Cases reported "Xanthogranuloma, Juvenile"

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1/8. Juvenile xanthogranuloma masquerading as pediatric chronic uveitis: a clinicopathologic study.

    Juvenile xanthogranuloma (JXG) is a rare, pediatric histiocytic skin disorder that may affect the eye. It can present with protean ocular manifestations, including masquerade uveitis, heterochromia, hyphema, or glaucoma. It very rarely involves the retina and posterior segment; indeed, posterior involvement has been documented histopathologically in only one case. We present the case of a 2-year-old child with ocular JXG presenting as chronic, refractive uveitis, without skin or systemic findings. The blind, painful eye was enucleated and found to harbor a diffuse histiocytic process that involved both the anterior and posterior segments, including the retina and subretinal space. Histological, immunohistochemical, and electron microscopic studies confirmed the diagnosis of JXG. The pathologic classification and differential diagnosis of systemic histiocytic disorders are discussed. Since JXG can present as masquerade pediatric uveitis, this entity should be considered in children with atypical uveitis. In rare instances, JXG may involve the posterior segment and the retina, leading to retinal detachment and blindness.
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keywords = hyphema
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2/8. Juvenile xanthogranuloma: concurrent involvement of skin and eye.

    PURPOSE: To report a novel presentation of ocular involvement in juvenile xanthogranuloma (JXG). CASE REPORT: A 1-year-old boy with the concurrent skin and eye involvement of JXG is presented. The ocular problems included spontaneous hyphema, secondary glaucoma, and 360-degree involvement of the limbus, iris, and angle. RESULTS: To reduce the intraocular pressure (IOP), treatment was started with drops of timolol, betamethasone, and atropine and acetazolamide suspension. After 6 months of medical treatment, the skin lesions did not change, but the iris lesion enlarged without hyphema. The IOP in the right eye was controlled by the medications. CONCLUSION: Although JXG is an uncommon disease, it is one of the most important causes of spontaneous hyphema in children. iris involvement, spontaneous hyphema, and secondary glaucoma are the most common ocular problems. Corneal involvement often is characterized by a yellowish protrusion of the limbus along with blood staining of recurrent hyphema and elevated IOP. In this report, we describe an unusual case of JXG with 360-degree limbus, iris, and angle involvement. To our knowledge, this is the first report in the medical literature of 360-degree limbus involvement in JXG.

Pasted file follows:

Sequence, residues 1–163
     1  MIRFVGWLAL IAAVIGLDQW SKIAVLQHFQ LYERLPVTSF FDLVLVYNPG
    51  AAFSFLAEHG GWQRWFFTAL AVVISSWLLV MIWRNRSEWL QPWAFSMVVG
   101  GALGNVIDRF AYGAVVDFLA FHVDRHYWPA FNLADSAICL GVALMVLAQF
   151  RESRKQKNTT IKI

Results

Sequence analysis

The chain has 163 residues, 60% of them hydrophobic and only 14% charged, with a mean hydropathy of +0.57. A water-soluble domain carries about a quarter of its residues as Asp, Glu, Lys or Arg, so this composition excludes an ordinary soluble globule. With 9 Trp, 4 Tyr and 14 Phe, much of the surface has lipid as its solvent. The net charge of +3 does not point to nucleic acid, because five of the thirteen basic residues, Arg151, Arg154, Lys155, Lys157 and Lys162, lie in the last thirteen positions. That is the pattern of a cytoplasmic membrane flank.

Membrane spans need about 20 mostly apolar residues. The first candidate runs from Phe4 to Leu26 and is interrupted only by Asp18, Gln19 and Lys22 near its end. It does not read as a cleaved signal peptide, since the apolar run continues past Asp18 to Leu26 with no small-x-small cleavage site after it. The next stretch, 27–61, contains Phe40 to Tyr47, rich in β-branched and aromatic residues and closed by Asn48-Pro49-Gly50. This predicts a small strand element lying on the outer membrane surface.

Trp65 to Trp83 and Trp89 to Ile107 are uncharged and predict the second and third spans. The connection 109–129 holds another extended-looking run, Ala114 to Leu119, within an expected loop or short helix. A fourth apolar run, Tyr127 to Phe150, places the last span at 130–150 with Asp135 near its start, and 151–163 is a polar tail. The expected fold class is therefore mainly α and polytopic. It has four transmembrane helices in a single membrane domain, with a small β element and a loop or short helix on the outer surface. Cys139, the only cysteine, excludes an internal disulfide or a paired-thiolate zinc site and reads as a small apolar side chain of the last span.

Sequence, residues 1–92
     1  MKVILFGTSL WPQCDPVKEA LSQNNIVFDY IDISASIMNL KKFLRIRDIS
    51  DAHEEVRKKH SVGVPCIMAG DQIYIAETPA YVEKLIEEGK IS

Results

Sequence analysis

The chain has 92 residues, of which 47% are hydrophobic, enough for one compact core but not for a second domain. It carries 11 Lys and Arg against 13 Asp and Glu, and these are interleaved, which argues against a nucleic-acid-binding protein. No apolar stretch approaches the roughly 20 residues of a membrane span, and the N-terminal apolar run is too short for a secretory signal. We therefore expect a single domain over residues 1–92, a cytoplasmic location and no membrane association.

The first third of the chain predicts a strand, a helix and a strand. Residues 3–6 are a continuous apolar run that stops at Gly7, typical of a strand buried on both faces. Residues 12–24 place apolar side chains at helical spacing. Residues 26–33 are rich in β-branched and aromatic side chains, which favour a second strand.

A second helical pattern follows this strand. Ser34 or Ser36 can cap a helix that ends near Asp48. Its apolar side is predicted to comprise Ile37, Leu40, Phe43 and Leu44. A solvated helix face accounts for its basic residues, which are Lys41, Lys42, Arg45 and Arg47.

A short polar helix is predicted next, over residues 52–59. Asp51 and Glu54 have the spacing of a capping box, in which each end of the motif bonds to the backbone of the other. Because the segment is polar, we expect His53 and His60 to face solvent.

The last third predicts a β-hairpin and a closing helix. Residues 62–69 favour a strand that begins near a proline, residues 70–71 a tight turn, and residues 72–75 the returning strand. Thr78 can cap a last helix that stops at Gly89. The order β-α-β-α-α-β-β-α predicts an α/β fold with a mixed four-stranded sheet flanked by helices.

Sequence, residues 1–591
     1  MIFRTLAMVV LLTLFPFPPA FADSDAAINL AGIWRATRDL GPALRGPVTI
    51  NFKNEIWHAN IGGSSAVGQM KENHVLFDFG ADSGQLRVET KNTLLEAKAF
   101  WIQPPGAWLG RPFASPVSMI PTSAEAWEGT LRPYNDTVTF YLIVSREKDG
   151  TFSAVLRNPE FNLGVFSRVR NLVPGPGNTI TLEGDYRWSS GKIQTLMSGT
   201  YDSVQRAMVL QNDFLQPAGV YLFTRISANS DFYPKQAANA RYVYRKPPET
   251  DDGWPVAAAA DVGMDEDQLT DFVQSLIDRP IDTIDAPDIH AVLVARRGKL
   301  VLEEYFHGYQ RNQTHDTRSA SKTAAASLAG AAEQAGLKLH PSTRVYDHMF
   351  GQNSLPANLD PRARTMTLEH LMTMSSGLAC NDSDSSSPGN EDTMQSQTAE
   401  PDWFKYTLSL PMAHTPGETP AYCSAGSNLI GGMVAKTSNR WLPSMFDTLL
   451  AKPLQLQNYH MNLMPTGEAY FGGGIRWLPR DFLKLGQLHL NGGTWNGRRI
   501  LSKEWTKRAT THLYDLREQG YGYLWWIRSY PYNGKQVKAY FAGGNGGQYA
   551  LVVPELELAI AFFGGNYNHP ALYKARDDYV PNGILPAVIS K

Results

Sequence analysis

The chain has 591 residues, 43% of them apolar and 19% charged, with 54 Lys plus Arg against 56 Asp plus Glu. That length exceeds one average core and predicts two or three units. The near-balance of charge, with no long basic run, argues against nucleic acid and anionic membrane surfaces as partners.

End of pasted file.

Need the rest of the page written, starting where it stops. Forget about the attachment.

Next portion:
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keywords = hyphema
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3/8. Juvenile xanthogranuloma of the corneoscleral limbus: case report and review of the literature.

    Juvenile xanthogranuloma is a benign histiocytic cutaneous disorder mainly occurring in infants which may affect the eye. Ocular manifestations usually present in the form of iris lesions with secondary hyphema and glaucoma, but juvenile xanthogranuloma may also present as a corneoscleral limbal mass. We present the case of an 18-month-old female infant with ocular juvenile xanthogranuloma occurring as a corneoscleral limbal mass without associated cutaneous or systemic findings. The limbal mass lesion was excised by lamellar dissection and histopathological studies revealed histiocytes admixed with lymphocytes, plasma cells, and eosinophils; foreign body and Touton giant cells present throughout the specimen confirmed the diagnosis of juvenile xanthogranuloma. At 14-month follow-up, there was no recurrence of the limbal mass. The natural history of this uncommon ocular condition is discussed and the relevant literature reviewed. Juvenile xanthogranuloma should be considered in the differential diagnosis of any corneoscleral limbal mass lesion, particularly in children.
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keywords = hyphema